I think the best feedback you're going to get will come from someone who has read the entire manuscript. At the very least, provide the entire first chapter. It's difficult to give proper feedback on just an opening with no other context.

Part of a good opening is how well it leads into what follows.
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:iconlydiamay:
Lydiamay Featured By Owner Jan 31, 2013  Hobbyist Digital Artist
I'm far from finishing the entire manuscript, but I think I'll take your 1st chapter advice. Maybe I'll post the first chapter and a plot preview (like on the backs of books) to give better context. :meow:
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:iconmerrak:
merrak Featured By Owner Jan 31, 2013  Hobbyist
Cool deal :thumbsup:
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:iconrovanna:
Rovanna Featured By Owner Jan 31, 2013   Digital Artist
Since we're discussing openings. No. :B This type of opening is high on my list of least favourite opening types. I prefer straight-talking openings personally.
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:iconlydiamay:
Lydiamay Featured By Owner Jan 31, 2013  Hobbyist Digital Artist
Noted!
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:iconrovanna:
Rovanna Featured By Owner Jan 31, 2013   Digital Artist
Then again, for all the books in the shop that open like this which I close again and put back on the shelf, somebody has published them, and somebody is buying them.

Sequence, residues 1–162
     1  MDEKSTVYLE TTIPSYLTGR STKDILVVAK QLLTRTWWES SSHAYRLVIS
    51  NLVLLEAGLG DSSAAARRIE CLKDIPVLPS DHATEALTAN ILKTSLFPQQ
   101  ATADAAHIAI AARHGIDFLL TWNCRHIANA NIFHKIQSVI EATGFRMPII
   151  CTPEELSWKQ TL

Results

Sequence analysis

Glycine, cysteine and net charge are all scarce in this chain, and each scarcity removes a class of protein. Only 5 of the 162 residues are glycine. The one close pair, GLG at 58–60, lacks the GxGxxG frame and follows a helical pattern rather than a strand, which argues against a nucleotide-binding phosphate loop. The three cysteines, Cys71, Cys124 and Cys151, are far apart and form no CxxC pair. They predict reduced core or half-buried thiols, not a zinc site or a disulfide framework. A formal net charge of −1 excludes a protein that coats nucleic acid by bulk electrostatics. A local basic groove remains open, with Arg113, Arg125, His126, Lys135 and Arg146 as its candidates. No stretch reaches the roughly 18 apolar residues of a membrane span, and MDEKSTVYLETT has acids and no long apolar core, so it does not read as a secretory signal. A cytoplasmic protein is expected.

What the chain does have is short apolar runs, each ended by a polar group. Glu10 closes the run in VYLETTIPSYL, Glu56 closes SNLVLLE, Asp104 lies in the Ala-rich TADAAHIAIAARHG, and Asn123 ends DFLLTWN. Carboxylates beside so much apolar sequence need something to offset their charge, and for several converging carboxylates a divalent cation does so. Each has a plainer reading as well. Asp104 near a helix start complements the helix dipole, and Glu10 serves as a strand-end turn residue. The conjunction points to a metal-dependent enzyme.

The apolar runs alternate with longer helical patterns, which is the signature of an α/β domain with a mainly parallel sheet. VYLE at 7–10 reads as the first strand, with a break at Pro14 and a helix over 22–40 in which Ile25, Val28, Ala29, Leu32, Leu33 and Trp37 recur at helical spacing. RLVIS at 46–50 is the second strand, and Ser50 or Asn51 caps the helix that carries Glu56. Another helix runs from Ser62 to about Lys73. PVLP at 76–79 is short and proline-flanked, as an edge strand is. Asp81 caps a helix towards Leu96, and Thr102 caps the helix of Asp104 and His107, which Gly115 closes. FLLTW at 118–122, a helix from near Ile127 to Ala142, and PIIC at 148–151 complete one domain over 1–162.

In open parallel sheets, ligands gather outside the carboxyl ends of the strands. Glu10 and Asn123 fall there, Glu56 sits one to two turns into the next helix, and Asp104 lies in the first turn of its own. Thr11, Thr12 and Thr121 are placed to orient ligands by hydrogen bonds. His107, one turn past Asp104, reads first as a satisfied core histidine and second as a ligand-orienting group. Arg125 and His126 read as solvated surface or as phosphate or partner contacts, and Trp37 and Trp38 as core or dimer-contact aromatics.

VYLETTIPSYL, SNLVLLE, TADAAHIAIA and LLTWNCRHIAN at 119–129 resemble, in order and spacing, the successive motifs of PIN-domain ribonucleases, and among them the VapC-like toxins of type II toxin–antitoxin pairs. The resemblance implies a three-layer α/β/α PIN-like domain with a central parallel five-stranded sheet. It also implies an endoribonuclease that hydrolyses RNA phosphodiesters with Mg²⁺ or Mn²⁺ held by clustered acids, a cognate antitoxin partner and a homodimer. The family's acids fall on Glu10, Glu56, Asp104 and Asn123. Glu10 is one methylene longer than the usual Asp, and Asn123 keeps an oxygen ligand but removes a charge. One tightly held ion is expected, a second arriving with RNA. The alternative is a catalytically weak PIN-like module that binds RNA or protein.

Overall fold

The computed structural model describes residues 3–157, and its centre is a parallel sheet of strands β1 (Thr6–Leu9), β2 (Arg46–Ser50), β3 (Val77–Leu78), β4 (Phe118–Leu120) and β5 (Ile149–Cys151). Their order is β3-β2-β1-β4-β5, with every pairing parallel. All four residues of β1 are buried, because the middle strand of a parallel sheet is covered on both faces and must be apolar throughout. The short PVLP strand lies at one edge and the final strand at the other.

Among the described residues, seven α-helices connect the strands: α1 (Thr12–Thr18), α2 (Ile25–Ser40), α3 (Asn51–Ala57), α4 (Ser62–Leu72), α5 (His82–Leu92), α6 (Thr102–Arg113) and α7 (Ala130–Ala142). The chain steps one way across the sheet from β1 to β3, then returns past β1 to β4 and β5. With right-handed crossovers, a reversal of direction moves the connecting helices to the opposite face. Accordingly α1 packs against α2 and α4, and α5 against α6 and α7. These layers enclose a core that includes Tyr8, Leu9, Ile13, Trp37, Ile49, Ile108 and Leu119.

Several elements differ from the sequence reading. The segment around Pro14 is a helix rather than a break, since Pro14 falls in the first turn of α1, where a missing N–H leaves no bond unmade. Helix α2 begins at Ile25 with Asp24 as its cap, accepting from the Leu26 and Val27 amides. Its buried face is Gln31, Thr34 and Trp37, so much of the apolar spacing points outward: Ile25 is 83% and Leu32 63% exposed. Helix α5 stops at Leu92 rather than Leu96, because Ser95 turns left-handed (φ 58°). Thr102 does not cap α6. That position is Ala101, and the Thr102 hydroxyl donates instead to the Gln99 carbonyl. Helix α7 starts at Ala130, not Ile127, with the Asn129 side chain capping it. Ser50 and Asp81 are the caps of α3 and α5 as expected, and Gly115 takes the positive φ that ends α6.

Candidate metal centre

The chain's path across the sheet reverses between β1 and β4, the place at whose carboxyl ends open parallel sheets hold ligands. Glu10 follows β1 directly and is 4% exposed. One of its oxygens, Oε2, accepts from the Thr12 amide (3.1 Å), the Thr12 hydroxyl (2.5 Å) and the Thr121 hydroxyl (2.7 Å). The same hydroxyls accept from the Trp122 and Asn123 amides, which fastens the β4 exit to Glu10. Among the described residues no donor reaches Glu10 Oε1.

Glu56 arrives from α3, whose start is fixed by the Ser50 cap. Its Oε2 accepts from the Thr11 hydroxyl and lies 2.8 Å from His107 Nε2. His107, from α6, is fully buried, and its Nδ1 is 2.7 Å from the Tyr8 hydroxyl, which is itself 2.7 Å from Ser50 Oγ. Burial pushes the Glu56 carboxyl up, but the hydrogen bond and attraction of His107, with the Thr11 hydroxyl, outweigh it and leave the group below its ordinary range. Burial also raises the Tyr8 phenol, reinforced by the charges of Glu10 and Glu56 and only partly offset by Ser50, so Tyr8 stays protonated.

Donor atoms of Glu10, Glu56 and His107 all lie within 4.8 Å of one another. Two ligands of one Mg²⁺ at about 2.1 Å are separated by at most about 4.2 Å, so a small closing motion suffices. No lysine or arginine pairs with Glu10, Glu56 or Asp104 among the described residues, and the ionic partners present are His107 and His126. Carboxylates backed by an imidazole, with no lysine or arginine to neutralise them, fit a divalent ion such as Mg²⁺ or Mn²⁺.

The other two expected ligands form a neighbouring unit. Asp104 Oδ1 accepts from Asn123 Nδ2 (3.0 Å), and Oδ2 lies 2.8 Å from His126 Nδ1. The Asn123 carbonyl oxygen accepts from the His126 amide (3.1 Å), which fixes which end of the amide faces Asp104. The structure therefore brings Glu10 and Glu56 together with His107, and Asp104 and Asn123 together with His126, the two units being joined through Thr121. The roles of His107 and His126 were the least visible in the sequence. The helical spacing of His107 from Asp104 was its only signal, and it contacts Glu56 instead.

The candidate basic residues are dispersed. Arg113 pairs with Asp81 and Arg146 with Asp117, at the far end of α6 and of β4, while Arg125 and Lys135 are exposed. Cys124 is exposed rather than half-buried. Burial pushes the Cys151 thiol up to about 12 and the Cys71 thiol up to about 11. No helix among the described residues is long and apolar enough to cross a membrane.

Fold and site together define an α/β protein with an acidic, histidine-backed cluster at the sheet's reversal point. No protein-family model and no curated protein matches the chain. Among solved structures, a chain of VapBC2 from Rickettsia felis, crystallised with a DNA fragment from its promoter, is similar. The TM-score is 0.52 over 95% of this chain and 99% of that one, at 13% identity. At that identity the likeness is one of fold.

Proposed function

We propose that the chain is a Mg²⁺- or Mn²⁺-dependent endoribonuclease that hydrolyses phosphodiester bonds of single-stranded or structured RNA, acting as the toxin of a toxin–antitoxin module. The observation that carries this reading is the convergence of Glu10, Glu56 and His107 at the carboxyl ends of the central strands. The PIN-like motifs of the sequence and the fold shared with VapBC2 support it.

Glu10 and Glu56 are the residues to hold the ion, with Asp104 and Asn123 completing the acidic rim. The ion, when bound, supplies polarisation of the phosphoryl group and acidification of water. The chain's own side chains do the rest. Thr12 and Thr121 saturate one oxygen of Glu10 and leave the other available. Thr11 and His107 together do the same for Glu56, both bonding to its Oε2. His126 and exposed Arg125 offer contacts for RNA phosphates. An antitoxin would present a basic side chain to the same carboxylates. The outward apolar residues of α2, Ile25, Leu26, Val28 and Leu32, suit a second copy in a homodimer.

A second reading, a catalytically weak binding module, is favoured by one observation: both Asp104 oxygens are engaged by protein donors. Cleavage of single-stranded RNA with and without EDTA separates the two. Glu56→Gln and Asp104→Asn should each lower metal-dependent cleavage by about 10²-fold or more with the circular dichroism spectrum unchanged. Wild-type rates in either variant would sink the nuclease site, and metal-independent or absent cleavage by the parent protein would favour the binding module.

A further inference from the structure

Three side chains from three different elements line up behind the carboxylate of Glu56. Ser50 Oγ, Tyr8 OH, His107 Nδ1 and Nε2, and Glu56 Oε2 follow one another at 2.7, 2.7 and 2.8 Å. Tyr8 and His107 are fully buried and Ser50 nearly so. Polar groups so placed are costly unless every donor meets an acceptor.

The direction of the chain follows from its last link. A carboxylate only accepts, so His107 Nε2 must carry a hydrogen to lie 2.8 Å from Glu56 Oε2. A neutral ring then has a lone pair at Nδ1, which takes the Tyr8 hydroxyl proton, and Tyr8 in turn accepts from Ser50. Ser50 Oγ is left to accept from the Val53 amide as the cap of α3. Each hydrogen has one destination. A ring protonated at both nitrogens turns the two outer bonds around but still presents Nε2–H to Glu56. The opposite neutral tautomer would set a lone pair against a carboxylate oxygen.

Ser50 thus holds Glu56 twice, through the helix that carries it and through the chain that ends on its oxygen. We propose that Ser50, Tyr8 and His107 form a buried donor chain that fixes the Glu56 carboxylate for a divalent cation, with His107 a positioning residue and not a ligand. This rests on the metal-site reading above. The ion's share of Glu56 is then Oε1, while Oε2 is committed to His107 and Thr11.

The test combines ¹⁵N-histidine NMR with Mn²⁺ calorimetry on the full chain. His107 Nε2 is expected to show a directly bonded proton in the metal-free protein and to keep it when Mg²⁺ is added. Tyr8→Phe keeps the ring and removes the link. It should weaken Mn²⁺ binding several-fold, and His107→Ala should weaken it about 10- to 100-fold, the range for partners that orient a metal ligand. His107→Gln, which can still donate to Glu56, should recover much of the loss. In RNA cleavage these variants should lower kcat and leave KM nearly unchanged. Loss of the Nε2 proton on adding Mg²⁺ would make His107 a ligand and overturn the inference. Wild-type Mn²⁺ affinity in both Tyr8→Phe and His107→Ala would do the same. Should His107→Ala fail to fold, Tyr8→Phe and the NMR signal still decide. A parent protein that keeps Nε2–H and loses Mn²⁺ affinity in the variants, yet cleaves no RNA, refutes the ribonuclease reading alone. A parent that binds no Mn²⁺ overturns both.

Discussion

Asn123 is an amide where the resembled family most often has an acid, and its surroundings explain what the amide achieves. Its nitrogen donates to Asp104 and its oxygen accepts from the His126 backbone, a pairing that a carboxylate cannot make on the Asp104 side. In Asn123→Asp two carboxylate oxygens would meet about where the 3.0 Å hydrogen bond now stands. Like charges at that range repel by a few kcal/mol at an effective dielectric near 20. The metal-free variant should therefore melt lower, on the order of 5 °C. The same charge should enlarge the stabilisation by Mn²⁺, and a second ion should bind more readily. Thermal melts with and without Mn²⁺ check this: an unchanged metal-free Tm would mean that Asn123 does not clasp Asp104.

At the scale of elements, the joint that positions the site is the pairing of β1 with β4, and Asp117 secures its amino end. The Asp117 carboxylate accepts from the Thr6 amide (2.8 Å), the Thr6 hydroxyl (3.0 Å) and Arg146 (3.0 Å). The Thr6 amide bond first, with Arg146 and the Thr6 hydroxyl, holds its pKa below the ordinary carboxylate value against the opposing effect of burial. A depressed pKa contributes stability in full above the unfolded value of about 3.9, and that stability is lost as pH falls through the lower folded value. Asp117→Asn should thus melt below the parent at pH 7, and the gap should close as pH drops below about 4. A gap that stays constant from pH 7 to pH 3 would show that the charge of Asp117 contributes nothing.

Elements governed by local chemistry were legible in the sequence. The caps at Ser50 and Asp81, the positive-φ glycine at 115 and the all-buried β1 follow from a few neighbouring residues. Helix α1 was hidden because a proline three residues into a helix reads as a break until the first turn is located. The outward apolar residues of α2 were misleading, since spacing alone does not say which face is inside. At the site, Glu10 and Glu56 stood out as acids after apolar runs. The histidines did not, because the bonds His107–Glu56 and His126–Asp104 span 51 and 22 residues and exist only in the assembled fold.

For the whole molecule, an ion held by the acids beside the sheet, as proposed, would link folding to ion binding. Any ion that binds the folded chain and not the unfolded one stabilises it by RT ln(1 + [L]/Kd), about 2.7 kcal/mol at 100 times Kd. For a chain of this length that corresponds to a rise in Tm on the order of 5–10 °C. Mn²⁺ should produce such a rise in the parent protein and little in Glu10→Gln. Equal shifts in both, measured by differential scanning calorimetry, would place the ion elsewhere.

:iconwoooplz:
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:iconlydiamay:
Lydiamay Featured By Owner Jan 31, 2013  Hobbyist Digital Artist
Lol
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:iconneurotype:
neurotype Featured By Owner Jan 31, 2013
It makes me resentful. I don't like being told what my innate beliefs should be.

Who exactly is your audience? You should be asking this question to the people whom you want to read the book.
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:iconlydiamay:
Lydiamay Featured By Owner Jan 31, 2013  Hobbyist Digital Artist
Hmm, I never thought of that being a possible response. Maybe I should change it to "I think all of us...", then more stating the character's own opinion versus trying to pass it off as a fact. Thanks!

I think it would be meant for older teens and young adults, a lot of whom are on dA. Thought it would be a logical place to post!
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:iconneurotype:
neurotype Featured By Owner Jan 31, 2013
*Also, I don't think you should add 'I think' if you move this passage as that loses the forcefulness. The issue with opening with it is you're basically saying 'this is for readers to whom this applies (and who also enjoy these types of introductions).'
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:iconneurotype:
neurotype Featured By Owner Jan 31, 2013
As people have mentioned, though, it's not really the best opening. If you have it come in at a point where it's obvious this is what the character's thinking, it's like 'oh okay then.'

[link] :B It sounds like you mean YA.
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:iconlydiamay:
Lydiamay Featured By Owner Jan 31, 2013  Hobbyist Digital Artist
Good to know! That's why I posted it here. I have a terrible time figuring out where to start a story along my timeline of events, so I wanted to get some input on starting here. I think this one's a no. :p

And, yep, exactly what I meant!
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:iconneurotype:
neurotype Featured By Owner Jan 31, 2013
In media res is a wonderful thing.

You should read more of the YA out there and see where books with a similar tone normally begin.
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:iconlytrigian:
Lytrigian Featured By Owner Jan 31, 2013  Hobbyist Writer
Nope. It's a prologue of sorts, and prologues do not entice. They delay.
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:iconlydiamay: